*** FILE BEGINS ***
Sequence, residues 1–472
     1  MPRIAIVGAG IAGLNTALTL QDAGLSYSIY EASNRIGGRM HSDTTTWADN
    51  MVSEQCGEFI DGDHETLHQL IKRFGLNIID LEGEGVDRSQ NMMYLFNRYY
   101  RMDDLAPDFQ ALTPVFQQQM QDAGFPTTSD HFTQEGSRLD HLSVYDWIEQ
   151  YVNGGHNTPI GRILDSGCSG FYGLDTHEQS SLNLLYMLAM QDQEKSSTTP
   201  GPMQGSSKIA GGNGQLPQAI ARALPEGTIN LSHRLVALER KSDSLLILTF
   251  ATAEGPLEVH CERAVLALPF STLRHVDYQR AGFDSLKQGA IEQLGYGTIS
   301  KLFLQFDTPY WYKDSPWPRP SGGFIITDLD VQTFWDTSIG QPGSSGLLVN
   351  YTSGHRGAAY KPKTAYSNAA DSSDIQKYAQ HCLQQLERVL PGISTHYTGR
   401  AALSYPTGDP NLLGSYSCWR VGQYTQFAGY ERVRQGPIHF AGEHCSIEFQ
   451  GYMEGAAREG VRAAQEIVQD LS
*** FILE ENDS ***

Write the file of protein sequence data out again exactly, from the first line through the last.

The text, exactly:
Sequence, residues 1–472
     1  MPRIAIVGAG IAGLNTALTL QDAGLSYSIY EASNRIGGRM HSDTTTWADN
    51  MVSEQCGEFI DGDHETLHQL IKRFGLNIID LEGEGVDRSQ NMMYLFNRYY
   101  RMDDLAPDFQ ALTPVFQQQM QDAGFPTTSD HFTQEGSRLD HLSVYDWIEQ
   151  YVNGGHNTPI GRILDSGCSG FYGLDTHEQS SLNLLYMLAM QDQEKSSTTP
   201  GPMQGSSKIA GGNGQLPQAI ARALPEGTIN LSHRLVALER KSDSLLILTF
   251  ATAEGPLEVH CERAVLALPF STLRHVDYQR AGFDSLKQGA IEQLGYGTIS
   301  KLFLQFDTPY WYKDSPWPRP SGGFIITDLD VQTFWDTSIG QPGSSGLLVN
   351  YTSGHRGAAY KPKTAYSNAA DSSDIQKYAQ HCLQQLERVL PGISTHYTGR
   401  AALSYPTGDP NLLGSYSCWR VGQYTQFAGY ERVRQGPIHF AGEHCSIEFQ
   451  GYMEGAAREG VRAAQEIVQD LS